Patti’s past includes a family history of serious health issues. Her father passed away at the much-too-young age of 51 from a heart attack. He suffered from an undiagnosed case of sleep apnea, something that was not a recognized illness 30 years ago at the time of his passing.
The alarm bells rang loud and clear when Patti was herself diagnosed with sleep apnea. But that wasn’t all. She also had an underactive thyroid, fibromyalgia and arthritis in her knees. At her heaviest, Patti was 275 pounds and suffered from shortness of breath, felt lethargic, and was depressed.
Patti’s sleep disorder specialist advised that she be on a BiPAP machine because her sleep apnea “was out of control,” and if she didn’t do anything, she could be on a respirator next.
Besides sleep apnea, Patti has a family history of cancer, diabetes and heart disease. She knew she had to take action.
On January 29, 2012, Dr. Samuel Bledsoe performed the Roux-en-Y gastric bypass surgery on Patti, and her life was never the same… for the better, of course!
“I really didn’t expect most of my medical problems to disappear. That still amazes me,” says Patti. “I have bodily functions that did not work well previously that are normal now.”
Patti experienced what many of her fellow weight loss surgery patients experience after their procedure: a change in her tastes for certain foods. She now no longer craves fried or heavy foods, rather, she finds herself craving healthy foods.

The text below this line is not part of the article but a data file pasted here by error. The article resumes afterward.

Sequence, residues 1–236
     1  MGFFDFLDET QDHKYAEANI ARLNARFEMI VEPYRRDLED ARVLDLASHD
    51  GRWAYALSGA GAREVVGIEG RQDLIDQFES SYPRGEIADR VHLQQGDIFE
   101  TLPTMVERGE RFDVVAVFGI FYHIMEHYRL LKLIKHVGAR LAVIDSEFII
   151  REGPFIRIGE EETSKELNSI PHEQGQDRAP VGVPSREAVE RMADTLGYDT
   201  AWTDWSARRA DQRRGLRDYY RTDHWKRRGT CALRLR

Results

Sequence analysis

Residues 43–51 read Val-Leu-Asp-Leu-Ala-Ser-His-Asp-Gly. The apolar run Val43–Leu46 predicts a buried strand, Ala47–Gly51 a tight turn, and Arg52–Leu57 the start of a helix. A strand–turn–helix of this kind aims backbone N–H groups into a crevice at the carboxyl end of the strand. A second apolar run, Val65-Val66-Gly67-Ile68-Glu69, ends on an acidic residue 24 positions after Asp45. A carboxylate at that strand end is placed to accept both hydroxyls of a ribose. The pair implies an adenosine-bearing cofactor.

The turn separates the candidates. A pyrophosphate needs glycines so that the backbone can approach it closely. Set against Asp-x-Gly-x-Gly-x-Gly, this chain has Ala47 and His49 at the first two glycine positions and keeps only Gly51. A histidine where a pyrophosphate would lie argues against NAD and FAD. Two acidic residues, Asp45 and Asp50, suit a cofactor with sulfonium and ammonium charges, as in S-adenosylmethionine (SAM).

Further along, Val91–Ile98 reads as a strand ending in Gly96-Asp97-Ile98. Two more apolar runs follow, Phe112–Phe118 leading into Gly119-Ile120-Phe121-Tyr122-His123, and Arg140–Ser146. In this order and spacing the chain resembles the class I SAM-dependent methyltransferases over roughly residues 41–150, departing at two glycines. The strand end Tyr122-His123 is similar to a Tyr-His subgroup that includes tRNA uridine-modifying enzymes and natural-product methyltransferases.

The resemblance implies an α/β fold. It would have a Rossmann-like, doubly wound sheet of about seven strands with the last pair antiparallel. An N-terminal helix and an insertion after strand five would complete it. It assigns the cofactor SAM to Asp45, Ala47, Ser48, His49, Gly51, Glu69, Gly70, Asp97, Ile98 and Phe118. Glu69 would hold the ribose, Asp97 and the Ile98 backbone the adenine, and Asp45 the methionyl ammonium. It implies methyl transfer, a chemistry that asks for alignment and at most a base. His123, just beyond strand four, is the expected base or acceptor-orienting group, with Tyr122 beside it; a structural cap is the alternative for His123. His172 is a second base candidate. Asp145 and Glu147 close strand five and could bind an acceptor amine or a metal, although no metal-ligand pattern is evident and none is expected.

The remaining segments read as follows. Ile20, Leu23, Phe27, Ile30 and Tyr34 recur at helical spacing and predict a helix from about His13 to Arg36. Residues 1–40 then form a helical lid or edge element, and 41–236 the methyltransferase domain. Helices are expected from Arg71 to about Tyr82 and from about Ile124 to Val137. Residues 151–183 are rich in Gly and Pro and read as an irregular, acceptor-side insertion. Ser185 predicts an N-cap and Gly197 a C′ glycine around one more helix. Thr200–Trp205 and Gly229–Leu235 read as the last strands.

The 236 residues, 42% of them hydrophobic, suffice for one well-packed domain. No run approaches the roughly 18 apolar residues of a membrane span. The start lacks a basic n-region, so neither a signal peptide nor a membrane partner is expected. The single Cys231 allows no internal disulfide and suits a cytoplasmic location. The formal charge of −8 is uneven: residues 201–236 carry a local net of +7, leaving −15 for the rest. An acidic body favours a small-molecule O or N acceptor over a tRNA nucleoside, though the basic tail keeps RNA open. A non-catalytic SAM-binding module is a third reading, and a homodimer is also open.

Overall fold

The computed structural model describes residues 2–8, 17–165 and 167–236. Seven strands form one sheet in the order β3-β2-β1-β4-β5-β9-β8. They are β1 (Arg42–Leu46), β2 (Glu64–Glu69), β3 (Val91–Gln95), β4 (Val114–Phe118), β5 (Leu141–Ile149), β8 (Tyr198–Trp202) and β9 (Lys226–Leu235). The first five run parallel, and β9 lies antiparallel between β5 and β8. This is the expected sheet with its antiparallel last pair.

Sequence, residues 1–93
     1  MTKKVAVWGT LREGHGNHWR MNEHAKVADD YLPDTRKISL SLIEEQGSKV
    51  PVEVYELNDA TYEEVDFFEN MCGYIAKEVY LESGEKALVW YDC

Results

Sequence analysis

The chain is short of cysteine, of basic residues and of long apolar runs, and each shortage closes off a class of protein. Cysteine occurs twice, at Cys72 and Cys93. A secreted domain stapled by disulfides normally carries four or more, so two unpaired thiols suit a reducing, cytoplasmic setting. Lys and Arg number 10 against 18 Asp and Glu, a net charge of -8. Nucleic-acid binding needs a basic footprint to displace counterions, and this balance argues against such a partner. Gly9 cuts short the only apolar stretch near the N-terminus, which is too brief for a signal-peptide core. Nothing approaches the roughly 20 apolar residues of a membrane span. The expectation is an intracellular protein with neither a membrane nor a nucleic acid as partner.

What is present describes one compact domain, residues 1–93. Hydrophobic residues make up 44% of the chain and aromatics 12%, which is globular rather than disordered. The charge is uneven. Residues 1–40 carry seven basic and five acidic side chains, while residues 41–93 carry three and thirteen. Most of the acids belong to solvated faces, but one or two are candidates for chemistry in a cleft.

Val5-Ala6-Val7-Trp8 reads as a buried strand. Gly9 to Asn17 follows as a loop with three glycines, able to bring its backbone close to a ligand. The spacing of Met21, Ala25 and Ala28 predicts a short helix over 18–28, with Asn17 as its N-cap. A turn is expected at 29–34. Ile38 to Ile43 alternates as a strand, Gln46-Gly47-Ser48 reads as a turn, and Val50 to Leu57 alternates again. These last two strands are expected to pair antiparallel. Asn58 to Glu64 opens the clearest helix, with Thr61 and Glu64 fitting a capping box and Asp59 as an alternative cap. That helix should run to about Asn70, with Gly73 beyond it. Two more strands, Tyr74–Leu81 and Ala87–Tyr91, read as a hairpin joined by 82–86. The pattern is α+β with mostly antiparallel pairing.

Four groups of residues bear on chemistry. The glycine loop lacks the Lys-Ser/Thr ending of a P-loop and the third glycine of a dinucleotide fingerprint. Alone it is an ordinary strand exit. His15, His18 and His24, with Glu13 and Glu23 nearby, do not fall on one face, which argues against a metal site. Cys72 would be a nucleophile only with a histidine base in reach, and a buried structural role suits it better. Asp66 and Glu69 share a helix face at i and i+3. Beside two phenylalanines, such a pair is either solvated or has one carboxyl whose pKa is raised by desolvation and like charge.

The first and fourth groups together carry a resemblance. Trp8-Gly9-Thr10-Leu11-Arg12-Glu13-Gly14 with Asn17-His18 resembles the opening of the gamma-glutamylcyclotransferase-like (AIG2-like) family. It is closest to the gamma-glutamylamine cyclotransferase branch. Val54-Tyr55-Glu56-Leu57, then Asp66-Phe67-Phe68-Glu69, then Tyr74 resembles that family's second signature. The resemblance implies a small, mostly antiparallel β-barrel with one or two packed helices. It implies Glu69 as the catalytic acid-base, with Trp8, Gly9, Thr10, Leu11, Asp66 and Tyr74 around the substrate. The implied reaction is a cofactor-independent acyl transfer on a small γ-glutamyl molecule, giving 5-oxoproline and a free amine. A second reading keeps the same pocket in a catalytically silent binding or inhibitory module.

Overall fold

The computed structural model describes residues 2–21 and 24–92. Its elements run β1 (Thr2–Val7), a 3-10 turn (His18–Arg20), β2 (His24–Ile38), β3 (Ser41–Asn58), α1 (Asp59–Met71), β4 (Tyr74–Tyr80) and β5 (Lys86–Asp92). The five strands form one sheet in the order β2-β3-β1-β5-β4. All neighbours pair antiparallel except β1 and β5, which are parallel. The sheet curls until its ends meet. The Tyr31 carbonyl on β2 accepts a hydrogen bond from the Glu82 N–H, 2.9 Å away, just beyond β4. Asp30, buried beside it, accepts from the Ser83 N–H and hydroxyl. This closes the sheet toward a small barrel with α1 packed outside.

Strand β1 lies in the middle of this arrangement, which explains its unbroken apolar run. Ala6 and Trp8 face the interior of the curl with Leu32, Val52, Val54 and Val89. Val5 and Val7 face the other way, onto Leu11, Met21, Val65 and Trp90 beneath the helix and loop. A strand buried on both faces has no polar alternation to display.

“I eat a lot of seafood, salads, and make sure my carbs have plenty of protein. I try to get my protein in first. I can eat just about anything really, just in moderation. I watch the sugar content in things. I know what triggers to stay clear of.”
Like all bariatric patients are all too familiar with, Patti knows that her procedure wasn’t a cure that would help her lose weight without any effort on her own. She finds that she has to make an effort to get enough fluids and protein, but also listen to her body’s signals on a daily basis.
Her other challenge, ironically, is making an effort to eat. Sometimes she’s simply not hungry, but knows that healthy nutrition is vital for a healthy body.
She’s also considering her options when it comes to addressing the sagging skin left from losing so much weight. Since her gastric bypass, Patti has lost 140 pounds. Her current weight is 135, which fluctuates within a normal and health range of just a few pounds of that number.
Patti’s advice to anyone considering weight loss surgery is that once you get through what she considers the most difficult part (the first 6 months), it should be smooth sailing. Just listen to your body.
“I would most definitely do the surgery again,” she says. “Dr. Bledsoe, in my opinion, is the best doctor. If you follow the rules you are given, you will be a success!”
Can’t get enough weight loss success inspiration? Check out Julie Taylor’s story.